Suppose that in this community there are ten beggars who beg from door to door for something to eat, and that nine of them are imposters who beg to escape work, and with an evil heart practice imposition upon the generous and sympathetic, and that only one of the ten who visit your doors is worthy of your bounty; which is best, to give food to the ten, to make sure of helping the truly needy one, or to repulse the ten because you do not know which is the worthy one? You will all say, administer charitable gifts to the ten, rather than turn away the only truly worthy and truly needy person among them. If you do this, it will make no difference in your blessings, whether you administer to worthy or unworthy persons, inasmuch as you give alms with a single eye to assist the truly needy (DBY, 274).
Judge not, that ye be not judged [see Matthew 7:1]. Let no man judge his fellow being, unless he knows he has the mind of Christ within him [see Moroni 7:16–18]. We ought to reflect seriously upon this point; how often it is said—“Such a person has done wrong, and he cannot be a Saint, or he would not do so.” How do you know? … Do not judge such persons, for you do not know the design of the Lord concerning them; therefore, do not say they are not Saints. … A person who would say another is not a Latter-day Saint, for some trifling affair in human life proves that he does not possess the Spirit of God. Think of this, brethren and sisters; write it down, that you may refresh your memories with it; carry it with you and look at it often. If I judge my brethren and sisters, unless I judge them by the revelations of Jesus Christ, I have not the Spirit of Christ; if I had, I should judge no man (DBY, 277–78).
It floods my heart with sorrow to see so many Elders of Israel who wish everybody to come to their standard and be measured by their measure. Every man must be just so long, to fit their iron bedstead [see Isaiah 28:20], or be cut off to the right length; if too short, he must be stretched, to fill the requirement (DBY, 279).
If they see an erring brother or sister, whose course does not comport with their particular ideas of things, they conclude at once that he or she cannot be a Saint, and withdraw their fellowship, concluding that, if they are in the path of truth, others must have precisely their weight and dimensions (DBY, 279).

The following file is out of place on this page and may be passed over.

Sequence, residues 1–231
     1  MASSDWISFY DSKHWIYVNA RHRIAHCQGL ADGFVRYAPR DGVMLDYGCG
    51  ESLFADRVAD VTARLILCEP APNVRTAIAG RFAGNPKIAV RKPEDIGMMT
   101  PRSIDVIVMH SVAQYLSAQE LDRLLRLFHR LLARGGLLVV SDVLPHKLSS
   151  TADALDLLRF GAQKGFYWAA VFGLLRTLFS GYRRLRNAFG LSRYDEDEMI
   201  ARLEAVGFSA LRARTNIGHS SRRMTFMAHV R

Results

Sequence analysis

Let us be patient with one another. I do not altogether look at things as you do. My judgment is not in all things like yours, nor yours like mine. When you judge a man or woman, judge the intentions of the heart. It is not by words, particularly, nor by actions, that men will be judged in the great day of the Lord; but, in connection with words and actions, the sentiments and intentions of the heart will be taken, and by these will men be judged [see D&C 137:9] (DBY, 273–74).
Let all Latter-day Saints learn that the weaknesses of their brethren are not sins. When men or women undesignedly commit a wrong, do not attribute that to them as a sin. Let us learn to be compassionate one with another; let mercy and kindness soften every angry and fretful temper, that we may become long-suffering and beneficial in all our communications one with another (DBY, 273).
Serve the Lord, and try not to find fault with each other [see D&C 88:124]. Live so that you will not have any fault to find with yourselves, and never mind the faults of your brethren, for each person has enough of his own to attend to (DBY, 280).
You may see, or think you see, a thousand faults in your brethren; yet they are organized as you are; they are flesh of your flesh, bone of your bone; they are of your Father who is in heaven; we are all His children, and should be satisfied with each other as far as possible (DBY, 271).
Respect one another; do not speak lightly of each other. Some, if they get a little pique against an individual, are disposed to cast him down to hell, as not worthy of a place upon earth. O fools! not to understand that those you condemn are the workmanship of God, as well as yourselves! God overlooks their weaknesses; and so far as they do good, they are as acceptable as we are. Thank God that you know better, and be full of mercy and kindness (DBY, 274).
God bless the humble and the righteous, and may He have compassion upon us because of the weakness that is in our nature. And considering the great weakness and ignorance of mortals, let us have mercy upon each other (DBY, 272).
The merciful man shall find mercy [see Matthew 5:7] (DBY, 273).
I am very thankful that it is not our province, in our present condition, to judge the world; if it were, we would ruin everything. We have not sufficient wisdom, our minds are not filled with the knowledge and power of God; the spirit needs to contend with the flesh a little more until it shall be successful in subduing its passions, until the whole soul is brought into perfect harmony with the mind and will of God. And we must also acquire the discretion that God exercises in being able to look into futurity, and to ascertain and know the results of our acts away in the future, even in eternity, before we will be capable of judging (DBY, 278).